This tutorial is all about making art with those photos that you don’t quite know what to do with; you know, the ones that aren’t composited right, are a little blurred, etc. We all have them, and they sit on our hard drives but never get used. So, we’re going to use a couple of these types of images to create some art using effects in Photoshop. These new images can be used for postcard designs, notecards, or even art for your home.

For those of us old enough to remember the days of printing, there were all sorts of print techniques available to us. One in particular was called a Risograph, which was like a photocopier. It printed one color at a time and you could feed the print back through to print a second image or color to get some really cool poster effects. Now, if you’ve followed my past tutorials, you’ll know I’m a big fan of all things retro.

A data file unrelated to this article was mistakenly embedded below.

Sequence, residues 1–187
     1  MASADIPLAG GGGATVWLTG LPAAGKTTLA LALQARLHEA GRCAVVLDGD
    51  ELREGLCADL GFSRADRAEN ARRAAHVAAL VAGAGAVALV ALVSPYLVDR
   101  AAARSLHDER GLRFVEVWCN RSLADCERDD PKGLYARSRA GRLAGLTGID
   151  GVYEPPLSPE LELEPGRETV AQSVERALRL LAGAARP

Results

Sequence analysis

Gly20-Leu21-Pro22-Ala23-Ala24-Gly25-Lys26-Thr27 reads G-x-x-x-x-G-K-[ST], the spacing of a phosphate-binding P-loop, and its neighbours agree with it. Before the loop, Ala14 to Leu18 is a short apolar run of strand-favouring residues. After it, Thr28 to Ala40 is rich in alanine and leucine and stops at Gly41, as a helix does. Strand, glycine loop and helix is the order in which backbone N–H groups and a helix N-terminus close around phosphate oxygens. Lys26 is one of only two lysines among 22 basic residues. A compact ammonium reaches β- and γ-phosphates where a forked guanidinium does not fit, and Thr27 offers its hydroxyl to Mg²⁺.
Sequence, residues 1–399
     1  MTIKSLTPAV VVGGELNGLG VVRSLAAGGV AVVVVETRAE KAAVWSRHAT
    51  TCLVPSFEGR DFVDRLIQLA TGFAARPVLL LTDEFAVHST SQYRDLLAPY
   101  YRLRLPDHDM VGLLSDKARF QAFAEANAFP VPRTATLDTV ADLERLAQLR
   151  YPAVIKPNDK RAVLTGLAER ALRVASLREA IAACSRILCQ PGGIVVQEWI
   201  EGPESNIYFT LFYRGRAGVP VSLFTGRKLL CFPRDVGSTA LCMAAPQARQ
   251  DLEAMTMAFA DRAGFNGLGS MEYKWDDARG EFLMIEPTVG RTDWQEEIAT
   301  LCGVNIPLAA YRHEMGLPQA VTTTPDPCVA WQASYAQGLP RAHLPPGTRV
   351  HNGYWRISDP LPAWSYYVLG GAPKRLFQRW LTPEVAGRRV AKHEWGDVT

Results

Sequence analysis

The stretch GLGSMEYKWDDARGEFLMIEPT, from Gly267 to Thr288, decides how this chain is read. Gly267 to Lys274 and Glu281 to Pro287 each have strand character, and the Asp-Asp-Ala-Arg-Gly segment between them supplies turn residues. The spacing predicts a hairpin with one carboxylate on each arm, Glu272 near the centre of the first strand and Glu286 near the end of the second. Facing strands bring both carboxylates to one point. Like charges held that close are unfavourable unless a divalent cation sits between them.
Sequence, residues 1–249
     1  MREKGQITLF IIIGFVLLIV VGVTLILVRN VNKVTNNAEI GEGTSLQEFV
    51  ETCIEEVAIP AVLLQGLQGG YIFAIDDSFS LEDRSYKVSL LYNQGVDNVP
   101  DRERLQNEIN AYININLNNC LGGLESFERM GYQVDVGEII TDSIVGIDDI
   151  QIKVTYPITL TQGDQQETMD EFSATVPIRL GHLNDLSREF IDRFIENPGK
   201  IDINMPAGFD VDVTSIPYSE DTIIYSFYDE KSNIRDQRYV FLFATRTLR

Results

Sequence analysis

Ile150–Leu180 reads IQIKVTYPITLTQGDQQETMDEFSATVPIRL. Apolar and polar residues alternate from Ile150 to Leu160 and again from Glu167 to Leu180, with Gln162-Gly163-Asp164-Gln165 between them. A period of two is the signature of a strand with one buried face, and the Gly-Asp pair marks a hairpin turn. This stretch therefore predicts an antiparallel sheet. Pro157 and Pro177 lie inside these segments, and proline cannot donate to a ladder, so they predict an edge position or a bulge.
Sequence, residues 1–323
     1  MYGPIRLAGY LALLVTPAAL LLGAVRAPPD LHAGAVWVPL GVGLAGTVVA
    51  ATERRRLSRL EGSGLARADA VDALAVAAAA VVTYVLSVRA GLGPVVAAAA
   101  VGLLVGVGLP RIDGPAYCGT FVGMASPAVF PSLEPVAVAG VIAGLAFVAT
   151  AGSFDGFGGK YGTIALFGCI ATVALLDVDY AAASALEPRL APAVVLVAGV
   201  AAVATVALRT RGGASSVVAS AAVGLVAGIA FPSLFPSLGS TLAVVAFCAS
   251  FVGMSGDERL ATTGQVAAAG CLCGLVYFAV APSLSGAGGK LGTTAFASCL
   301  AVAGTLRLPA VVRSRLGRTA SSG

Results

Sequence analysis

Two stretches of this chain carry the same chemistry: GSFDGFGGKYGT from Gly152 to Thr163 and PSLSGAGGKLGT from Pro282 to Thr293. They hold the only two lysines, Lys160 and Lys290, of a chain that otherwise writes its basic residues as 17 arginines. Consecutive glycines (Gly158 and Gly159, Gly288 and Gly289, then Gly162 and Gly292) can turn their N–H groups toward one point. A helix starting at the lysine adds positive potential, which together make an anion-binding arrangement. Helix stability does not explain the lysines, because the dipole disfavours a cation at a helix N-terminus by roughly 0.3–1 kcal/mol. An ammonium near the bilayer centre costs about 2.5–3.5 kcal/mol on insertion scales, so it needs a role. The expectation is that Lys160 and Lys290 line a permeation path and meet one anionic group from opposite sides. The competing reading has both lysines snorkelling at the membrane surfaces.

So let’s begin with some images. I don’t actually shoot that much, so I grabbed a couple images from a free photography website called Unsplash, but you can obviously use your own. I’m going to combine an image of the Chrysler Building with an image of the Statue of Liberty.

Step One: First, launch Photoshop, go to File>New, and create an 8×11″ document at 300 ppi. Why did I choose this size? So you can print it out and frame it if you come up with a combination of images that you like; plus, you can also make smaller prints.